By Katie Mazerov, contributing editor
KCA DEUTAG recently commissioned its new highly automated, small-footprint T-700 Heavy Land Rig (HLR), scheduled to begin work in The Netherlands in February. The rig was unveiled in early December at the company’s manufacturing facility in Bad Bentheim, Germany.
The rig is under a two-year fixed contract, with options, to Nederlandse Aardolie Maatschappij (NAM) and will be initially deployed for NAM’s drilling campaign in the north of Holland. KCA DEUTAG designed and engineered the rig together with subsidiary BENTEC, with input from NAM. “The long-term relationship between our companies allowed a truly collaborative effort during the design and construction phase of this rig,” said Joep Beijer, senior vice president for KCA DEUTAG.
“The key design feature is the highly automated, integrated pipe-handling system that was designed to advance the hands-off philosophy, whereby the pipes are picked up from ground level and transported to well center by automatic sequence,” he explained. “The system increases operational efficiency while decreasing the human interaction on the rig floor, thus enhancing our ability to provide safe, effective and trouble-free operations.” Pipe-handling and racking can handle 2 7/8-in. to 5 ½-in. (single & double) tubulars and up to 20-in. casing without a tool change.
The rig, which has a 480-metric-ton hookload capacity, will kick off operations drilling several deviated wells that will average 5,000 meters deep. The rig can drill up to 7,400 meters, however, and has full extended-reach capacity if that needed.
Meeting high standards
The collaborative design effort also resulted in several features that meet high environmental standards. “It is extremely difficult in The Netherlands to receive approval for drilling locations, so the rig needed to have a small footprint,” Mr Beijer said. “It meets both low-visibility and low noise-emission standards, which are very important in densely populated Holland.” The rig has an overall height of 151 ft, relatively low of typical rigs of that size, and a mast height of 113 ft. “The higher the rig, the higher the top drive, which generates most noise emissions,” he added. The rig also can be operated from the public power grid, which further reduces noise emissions.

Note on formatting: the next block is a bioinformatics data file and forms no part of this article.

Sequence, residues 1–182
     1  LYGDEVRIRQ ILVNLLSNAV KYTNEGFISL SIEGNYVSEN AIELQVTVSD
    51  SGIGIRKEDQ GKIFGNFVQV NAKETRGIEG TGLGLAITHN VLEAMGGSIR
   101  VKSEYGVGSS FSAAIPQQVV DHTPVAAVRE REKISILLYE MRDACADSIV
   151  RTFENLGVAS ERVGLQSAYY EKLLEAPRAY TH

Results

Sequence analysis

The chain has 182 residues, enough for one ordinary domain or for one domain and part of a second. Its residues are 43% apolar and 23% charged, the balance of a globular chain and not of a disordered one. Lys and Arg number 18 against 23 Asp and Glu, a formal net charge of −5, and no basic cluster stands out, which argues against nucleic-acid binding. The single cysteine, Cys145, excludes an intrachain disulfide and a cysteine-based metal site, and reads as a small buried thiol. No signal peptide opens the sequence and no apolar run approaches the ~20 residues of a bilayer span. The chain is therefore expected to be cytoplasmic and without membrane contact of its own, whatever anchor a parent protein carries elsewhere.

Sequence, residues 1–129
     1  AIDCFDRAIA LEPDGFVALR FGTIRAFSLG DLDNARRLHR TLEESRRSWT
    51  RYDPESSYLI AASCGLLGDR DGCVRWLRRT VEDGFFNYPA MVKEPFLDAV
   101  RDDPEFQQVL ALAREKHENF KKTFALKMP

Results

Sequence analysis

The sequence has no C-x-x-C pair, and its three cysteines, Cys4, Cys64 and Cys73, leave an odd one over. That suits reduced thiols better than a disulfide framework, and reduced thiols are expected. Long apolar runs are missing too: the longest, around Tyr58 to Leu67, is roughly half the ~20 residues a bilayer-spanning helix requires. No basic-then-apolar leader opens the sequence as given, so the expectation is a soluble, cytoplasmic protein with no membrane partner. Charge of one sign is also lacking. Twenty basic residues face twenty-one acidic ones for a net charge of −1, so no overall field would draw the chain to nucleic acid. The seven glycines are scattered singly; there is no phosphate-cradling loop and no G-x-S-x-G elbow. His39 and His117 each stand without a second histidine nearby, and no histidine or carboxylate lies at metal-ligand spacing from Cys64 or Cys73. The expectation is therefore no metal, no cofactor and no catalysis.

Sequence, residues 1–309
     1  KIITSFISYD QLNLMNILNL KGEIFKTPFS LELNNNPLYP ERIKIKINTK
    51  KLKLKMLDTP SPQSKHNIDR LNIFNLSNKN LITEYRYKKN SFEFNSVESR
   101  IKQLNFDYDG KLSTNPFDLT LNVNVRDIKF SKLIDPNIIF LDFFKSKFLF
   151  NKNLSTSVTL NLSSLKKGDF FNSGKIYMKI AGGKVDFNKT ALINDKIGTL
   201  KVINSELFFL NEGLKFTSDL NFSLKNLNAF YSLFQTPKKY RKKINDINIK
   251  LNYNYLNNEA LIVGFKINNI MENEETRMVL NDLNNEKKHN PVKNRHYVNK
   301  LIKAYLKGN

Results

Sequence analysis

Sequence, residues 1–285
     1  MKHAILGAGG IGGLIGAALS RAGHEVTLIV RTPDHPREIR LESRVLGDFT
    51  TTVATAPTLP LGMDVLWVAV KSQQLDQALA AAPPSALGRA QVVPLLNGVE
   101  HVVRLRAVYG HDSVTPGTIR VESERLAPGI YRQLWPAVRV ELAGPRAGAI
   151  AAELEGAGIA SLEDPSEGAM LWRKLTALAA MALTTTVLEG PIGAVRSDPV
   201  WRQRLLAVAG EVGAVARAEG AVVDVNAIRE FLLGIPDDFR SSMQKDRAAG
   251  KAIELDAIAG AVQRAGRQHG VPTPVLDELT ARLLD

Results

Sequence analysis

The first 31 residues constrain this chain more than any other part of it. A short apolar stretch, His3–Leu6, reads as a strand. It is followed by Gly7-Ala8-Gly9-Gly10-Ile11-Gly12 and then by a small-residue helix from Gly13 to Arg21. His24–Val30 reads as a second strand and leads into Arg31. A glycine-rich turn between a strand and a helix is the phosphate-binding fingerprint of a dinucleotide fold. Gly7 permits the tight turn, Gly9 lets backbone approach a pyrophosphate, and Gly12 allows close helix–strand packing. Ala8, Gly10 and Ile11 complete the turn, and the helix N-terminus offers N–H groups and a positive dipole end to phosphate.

The rig includes skidding capacity for drilling on cluster locations. It is designed for tripping speeds of 600 meters/hr and “unlimited” setback capacity. “A conventional rig is limited by the mast setback capacity,” Mr Beijer said. “With this design, we are laying down tubulars at ground level, so the setback capacity is limited by the location size.”
The top drive from BENTEC has a hoisting capacity of 1.1 million lbs and offers a continuous torque of up to 63,000 Nm (approximately 46,400 ft-lbs), a rotating speed of 230 RPM and working pressures up to 7,500 psi. The drawworks, also manufactured by BENTEC, was designed with an open front to eliminate noise resonance and reduce noise due to redundant container ventilation. A remote station on the drawworks facilitates safe slip and cut operations.
The overhead crane was designed to be a “one hand” operation for handling bottomhole assemblies, cross-over, stabilizer and special tools.
The T-700 is a further development of the EuroRig, which was designed with a small footprint and low environmental impact requirements and carries full European certification. Mr Beijer said the EuroRig has been well-received, with three units currently involved in shale gas projects in Poland. The company is also building Cluster Slider rigs, which can skid easily from one well to another, for the Russian market. Technical know-how obtained during these operations can be easily incorporated in next design of the EuroRig to make the unit fit for production drilling, he added.
EuroRig and Cluster Slider are trademarked terms of BENTEC.